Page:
This week, the Dingman Center hosted a group of Chinese MBA students from Peking University and exposed them to innovation and entrepreneurship at the University of Maryland and throughout the region. Make sure you like the Dingman Center Facebook page so you can see photos from their visit when they are posted next week. Also this week, Elana Fine participated in another Live Chat with the Washington Post and we posted an interview with student entrepreneur, Ayana Cotton, discussing her startup Evlove. Now, here’s what’s worth reading this week.
At the Dingman Center, we believe that entrepreneurship can be taught. This is proven by the number of student entrepreneurs that come through our office every day. The average undergraduate entrepreneurship course doesn’t offer the kind of experiential learning opportunities that students get through programs offered by the Dingman Center, and Forbes agrees. Explore this controversial topic with 5 Reasons Why Undergrad Entrepreneurship Courses Aren’t Producing Entrepreneurs.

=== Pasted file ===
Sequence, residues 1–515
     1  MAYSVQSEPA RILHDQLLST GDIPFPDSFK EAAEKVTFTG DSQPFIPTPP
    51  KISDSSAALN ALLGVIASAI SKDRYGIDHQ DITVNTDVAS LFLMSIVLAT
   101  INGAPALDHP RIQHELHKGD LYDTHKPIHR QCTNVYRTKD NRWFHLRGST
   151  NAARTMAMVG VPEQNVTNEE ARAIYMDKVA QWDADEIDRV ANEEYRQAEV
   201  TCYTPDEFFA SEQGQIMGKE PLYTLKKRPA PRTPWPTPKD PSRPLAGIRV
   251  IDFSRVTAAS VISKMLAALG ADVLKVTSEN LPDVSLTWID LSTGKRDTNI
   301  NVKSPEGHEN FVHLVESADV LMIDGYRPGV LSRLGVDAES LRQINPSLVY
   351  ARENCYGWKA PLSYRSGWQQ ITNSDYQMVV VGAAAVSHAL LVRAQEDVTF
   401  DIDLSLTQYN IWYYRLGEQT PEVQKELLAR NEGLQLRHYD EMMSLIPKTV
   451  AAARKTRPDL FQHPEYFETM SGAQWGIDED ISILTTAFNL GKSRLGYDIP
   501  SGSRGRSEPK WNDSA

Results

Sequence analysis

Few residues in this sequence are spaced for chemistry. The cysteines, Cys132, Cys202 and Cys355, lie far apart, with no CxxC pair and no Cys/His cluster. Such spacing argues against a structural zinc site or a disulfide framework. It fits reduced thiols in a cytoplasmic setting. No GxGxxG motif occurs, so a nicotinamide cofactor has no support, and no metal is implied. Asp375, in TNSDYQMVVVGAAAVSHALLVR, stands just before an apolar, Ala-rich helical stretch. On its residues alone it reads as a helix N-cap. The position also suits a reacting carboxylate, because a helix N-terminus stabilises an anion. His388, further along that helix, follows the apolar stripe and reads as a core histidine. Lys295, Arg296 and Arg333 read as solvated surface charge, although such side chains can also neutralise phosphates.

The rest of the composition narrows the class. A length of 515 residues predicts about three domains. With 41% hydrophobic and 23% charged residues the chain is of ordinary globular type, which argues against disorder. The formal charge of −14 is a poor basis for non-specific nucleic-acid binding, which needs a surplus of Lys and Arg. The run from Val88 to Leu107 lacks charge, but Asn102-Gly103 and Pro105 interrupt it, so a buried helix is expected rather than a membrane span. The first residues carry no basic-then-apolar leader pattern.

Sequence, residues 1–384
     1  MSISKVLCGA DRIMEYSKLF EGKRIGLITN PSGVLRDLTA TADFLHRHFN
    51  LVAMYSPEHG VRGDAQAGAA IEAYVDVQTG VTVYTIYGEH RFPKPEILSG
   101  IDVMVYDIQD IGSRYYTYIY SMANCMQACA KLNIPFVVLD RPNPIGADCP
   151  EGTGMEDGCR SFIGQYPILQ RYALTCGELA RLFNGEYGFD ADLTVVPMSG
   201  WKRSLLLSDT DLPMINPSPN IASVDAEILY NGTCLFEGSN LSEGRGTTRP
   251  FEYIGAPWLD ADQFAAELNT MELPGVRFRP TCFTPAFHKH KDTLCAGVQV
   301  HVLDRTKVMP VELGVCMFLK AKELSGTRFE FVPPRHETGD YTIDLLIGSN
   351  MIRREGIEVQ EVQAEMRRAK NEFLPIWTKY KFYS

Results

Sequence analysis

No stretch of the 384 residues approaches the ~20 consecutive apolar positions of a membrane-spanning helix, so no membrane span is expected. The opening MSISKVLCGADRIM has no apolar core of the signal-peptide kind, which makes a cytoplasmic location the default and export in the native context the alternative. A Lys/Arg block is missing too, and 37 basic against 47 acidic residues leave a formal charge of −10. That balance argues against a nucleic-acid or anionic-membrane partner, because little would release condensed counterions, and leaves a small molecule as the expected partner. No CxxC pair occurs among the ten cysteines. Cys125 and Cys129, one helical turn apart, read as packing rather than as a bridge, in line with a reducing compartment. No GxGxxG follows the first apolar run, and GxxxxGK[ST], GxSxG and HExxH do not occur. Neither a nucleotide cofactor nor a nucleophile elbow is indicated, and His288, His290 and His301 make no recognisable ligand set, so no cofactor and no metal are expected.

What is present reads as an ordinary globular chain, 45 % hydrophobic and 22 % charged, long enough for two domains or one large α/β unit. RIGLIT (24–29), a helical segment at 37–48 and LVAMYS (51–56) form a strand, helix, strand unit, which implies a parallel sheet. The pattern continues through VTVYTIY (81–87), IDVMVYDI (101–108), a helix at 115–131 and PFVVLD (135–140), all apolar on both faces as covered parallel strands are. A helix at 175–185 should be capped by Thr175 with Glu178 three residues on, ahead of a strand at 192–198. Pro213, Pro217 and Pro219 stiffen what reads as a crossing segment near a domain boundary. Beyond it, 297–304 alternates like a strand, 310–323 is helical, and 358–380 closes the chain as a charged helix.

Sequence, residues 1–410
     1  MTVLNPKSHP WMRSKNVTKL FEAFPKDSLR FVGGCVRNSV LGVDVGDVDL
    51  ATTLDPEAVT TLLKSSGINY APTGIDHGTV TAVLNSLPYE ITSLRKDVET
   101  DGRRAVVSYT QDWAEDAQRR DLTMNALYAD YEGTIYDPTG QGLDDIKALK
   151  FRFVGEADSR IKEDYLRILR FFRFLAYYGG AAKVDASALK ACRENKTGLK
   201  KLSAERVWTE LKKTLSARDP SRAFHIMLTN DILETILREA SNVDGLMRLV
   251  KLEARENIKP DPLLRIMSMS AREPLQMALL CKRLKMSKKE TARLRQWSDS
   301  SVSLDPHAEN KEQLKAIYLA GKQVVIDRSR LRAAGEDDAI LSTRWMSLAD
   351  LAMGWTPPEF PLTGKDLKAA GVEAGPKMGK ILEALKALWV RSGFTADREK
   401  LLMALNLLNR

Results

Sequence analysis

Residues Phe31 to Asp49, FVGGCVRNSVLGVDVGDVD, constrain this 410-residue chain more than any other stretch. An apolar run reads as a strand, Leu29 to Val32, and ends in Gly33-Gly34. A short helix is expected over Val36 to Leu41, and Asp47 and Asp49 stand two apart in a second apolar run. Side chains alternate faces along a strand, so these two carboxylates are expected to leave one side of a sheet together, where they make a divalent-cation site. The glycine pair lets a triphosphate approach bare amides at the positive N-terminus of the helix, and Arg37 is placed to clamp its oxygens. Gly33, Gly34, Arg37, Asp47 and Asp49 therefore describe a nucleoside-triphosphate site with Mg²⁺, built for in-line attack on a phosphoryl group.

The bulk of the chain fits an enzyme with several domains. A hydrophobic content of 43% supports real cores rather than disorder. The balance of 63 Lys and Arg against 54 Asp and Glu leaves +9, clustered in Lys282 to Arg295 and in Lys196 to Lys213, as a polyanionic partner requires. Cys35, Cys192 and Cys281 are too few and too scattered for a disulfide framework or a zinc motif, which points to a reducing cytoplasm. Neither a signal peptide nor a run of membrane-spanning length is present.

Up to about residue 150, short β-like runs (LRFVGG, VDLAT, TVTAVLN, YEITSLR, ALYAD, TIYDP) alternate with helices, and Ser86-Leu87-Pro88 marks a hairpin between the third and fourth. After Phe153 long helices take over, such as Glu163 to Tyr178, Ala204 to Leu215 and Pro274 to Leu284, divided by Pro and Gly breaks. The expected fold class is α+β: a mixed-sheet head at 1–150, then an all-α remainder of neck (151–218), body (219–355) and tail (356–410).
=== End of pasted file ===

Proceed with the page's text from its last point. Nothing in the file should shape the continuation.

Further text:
If you’re starting a company, where should you live? Washington, D.C., New York City and Boston are the top cities on the east coast. Here is an infographic of The 7 Hottest Startup Scenes in the U.S, with Austin, TX taking the #1 spot.
One of the hardest things about starting a new company is finding the perfect name. It should memorable, easy to say and hopefully not already taken. Check out these tips for naming your startup from The Wall Street Journal.
There are more resources for starting a business than ever before. From online resources to countless networks of entrepreneurial thinkers, the current generation of young-adults are better equipped than the successful business leaders of our past. Here are 5 Reasons Why Millennials Are Born Entrepreneurs.